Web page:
665 F. Supp. 83
Corp., 782 F.2d 13, 15 (1st Cir.1986); General Office Products v. A.M. Capen's Sons, Inc., 780 F.2d 1077, 1078 (1st Cir. 1986); Catalfo v. Jensen, 628 F.Supp. 1453, 1454 (D.N.H.1986)

While the nonmoving party is entitled to all favorable inferences, he is not entitled to build a case on the gossamer threads of whimsy. Emery v. Merrimack Valley Wood Products, Inc., supra, 701 F.2d at 990. Rather, the opposing party must show "`sufficient evidence supporting the claimed factual dispute ... to require a jury or a judge to resolve the parties' differing versions of the truth at trial.'" Hahn v. Sargent, 523 F.2d 461, 464 (1st Cir.1975), cert. denied, 425 U.S. 904, 96 S.Ct. 1495, 47 L.Ed.2d 754 (1976) (quoting First Nat'l Bank of Arizona v. Cities Service Co., Inc., 391 U.S. 253, 289, 88 S.Ct. 1575, 1592, 20 L.Ed.2d 569 (1968)).

The record before the Court reveals the following undisputed facts. Defendants were employed by the State of New Hampshire Department of Public Works and Highways ("NHDPWH") as engineering consultants for the renovation and repair of certain ski lifts at Mount Sunapee State Park by contract of December 13, 1984. Part of the duties attendant to the contract involved reviewing bids for compliance with the specifications. At the opening of the second bidding, Riblet was the low bidder. However, the Commissioner of NHDPWH, John Chandler, recommended that the Riblet bid be rejected. Consequently, a public hearing before Governor and Council was held pursuant to RSA 228:4-a regarding Commissioner Chandler's recommendation. The center of this controversy arises from the following exchange between Mr. Erickson (E) and the Executive Councilor (EC):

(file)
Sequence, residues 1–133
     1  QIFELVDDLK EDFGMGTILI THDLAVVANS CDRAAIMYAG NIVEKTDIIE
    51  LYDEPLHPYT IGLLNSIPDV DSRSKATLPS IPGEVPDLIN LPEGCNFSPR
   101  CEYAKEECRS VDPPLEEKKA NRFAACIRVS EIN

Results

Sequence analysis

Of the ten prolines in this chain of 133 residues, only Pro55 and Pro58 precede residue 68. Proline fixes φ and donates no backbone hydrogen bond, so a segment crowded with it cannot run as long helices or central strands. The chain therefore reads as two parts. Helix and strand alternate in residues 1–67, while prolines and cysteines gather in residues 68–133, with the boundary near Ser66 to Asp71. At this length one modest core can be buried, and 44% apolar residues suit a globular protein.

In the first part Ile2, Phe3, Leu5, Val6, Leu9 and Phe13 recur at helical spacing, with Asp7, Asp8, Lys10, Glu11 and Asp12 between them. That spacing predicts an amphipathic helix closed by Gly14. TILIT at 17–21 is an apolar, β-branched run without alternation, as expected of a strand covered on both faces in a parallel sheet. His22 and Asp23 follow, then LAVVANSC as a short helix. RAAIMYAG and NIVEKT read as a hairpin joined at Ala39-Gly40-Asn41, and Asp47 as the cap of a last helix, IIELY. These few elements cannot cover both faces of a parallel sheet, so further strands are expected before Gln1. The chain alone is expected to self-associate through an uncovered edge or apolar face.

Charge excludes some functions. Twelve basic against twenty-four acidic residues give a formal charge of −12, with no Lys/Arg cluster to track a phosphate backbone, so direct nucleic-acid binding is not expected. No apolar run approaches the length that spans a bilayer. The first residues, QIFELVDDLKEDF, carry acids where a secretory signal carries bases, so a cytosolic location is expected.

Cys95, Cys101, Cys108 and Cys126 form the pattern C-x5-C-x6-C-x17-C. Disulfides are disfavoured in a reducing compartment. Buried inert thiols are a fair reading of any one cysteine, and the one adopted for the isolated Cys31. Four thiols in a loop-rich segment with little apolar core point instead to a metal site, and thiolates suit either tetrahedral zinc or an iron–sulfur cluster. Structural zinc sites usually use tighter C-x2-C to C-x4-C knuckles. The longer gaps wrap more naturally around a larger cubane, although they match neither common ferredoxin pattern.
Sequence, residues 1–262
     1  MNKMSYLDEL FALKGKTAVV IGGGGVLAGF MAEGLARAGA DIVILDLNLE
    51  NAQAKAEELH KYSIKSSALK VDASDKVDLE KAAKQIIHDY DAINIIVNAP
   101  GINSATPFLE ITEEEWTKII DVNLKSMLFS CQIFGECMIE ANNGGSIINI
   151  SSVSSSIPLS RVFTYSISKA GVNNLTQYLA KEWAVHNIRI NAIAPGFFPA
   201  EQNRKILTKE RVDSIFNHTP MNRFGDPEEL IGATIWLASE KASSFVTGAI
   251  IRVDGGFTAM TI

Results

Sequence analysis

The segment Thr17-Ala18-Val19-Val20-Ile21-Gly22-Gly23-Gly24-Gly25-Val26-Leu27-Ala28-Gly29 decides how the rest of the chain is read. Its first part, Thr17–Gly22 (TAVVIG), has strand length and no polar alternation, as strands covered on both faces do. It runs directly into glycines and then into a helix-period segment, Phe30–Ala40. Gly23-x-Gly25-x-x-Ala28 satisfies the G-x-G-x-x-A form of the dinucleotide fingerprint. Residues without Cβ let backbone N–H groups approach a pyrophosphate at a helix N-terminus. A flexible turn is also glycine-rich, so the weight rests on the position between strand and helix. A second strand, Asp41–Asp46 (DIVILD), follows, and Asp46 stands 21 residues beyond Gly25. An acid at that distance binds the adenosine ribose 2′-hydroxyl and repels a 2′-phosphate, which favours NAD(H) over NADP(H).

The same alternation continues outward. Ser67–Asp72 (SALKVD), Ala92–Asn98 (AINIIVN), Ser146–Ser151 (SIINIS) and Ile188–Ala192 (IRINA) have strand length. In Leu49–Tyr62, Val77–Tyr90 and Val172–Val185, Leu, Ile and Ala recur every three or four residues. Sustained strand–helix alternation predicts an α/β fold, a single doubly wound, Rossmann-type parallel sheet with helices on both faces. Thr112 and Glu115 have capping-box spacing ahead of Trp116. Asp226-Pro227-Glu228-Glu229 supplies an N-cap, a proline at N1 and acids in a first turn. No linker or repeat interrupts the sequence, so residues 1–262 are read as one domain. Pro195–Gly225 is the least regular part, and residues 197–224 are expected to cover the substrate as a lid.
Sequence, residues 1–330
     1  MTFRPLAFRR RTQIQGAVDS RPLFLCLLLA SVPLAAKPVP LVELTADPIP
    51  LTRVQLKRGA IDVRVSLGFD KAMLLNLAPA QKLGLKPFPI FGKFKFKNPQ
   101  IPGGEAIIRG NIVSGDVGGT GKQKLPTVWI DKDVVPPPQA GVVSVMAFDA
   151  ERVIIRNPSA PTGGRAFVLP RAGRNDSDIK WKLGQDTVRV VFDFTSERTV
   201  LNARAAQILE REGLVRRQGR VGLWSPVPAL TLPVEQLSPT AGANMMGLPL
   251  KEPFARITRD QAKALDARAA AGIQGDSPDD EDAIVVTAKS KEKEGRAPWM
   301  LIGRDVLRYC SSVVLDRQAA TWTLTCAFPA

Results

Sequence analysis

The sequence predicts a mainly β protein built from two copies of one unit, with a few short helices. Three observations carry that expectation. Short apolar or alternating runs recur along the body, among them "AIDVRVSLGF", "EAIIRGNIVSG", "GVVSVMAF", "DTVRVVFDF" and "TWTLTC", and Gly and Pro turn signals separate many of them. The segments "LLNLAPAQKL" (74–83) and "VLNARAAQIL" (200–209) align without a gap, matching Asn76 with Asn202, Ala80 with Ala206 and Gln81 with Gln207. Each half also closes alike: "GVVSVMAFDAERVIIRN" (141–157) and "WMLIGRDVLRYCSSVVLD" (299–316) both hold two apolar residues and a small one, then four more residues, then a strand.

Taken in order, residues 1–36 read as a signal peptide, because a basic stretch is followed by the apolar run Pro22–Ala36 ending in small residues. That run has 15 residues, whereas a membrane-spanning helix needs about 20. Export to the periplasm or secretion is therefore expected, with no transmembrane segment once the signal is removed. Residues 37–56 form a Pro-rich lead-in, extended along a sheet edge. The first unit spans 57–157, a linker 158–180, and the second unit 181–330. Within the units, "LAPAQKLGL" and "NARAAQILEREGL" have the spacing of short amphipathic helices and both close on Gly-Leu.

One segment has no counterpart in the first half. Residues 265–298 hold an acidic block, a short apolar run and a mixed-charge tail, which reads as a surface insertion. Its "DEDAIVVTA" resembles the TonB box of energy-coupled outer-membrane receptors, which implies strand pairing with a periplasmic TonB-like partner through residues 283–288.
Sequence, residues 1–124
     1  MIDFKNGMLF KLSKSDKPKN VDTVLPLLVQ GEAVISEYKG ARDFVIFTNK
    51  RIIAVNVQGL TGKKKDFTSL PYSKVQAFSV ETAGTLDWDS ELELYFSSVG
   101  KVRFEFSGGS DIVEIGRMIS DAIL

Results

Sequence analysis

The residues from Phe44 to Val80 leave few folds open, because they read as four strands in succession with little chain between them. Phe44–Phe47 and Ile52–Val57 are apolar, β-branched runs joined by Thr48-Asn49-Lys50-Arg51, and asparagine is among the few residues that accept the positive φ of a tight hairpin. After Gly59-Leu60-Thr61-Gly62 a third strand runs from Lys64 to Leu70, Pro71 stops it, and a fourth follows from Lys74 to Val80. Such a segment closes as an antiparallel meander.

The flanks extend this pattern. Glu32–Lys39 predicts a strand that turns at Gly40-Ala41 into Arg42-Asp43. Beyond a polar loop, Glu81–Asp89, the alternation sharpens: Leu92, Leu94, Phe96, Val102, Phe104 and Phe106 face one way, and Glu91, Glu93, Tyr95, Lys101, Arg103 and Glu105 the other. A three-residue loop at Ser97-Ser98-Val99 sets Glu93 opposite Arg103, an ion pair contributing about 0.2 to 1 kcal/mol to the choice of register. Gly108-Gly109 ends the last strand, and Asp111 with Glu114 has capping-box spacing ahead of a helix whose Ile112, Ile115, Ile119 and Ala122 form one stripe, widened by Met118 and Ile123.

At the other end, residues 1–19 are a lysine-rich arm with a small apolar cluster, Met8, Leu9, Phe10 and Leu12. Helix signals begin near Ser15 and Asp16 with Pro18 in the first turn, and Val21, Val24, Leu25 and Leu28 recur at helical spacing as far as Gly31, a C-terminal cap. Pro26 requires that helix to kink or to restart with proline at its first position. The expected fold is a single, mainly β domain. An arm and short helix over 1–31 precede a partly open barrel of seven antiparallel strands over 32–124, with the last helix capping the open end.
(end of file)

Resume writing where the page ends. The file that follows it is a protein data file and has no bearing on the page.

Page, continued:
EC: Are you saying that there is a risk to the public safety if the State of New Hampshire was to go with Riblet? Is that right?
E: That's correct.
EC: You're making that statement.
E: Yes, I am.

Defendant's Exhibit E, Transcript of Hearing before Governor and Executive Council pursuant to RSA 228:4-a, September 1985 hereinafter "Tr." at 9.

At the conclusion of the hearing, the Governor and Council, by a four-to-one vote, voted to accept Riblet's bid. The Governor thereafter required Riblet to provide indemnification for the State. Riblet asserts that the additional cost to provide this indemnification was $22,500. Plaintiffs allege that through the above-quoted exchange the defendants slandered the plaintiffs and tortiously interfered with a prospective agreement.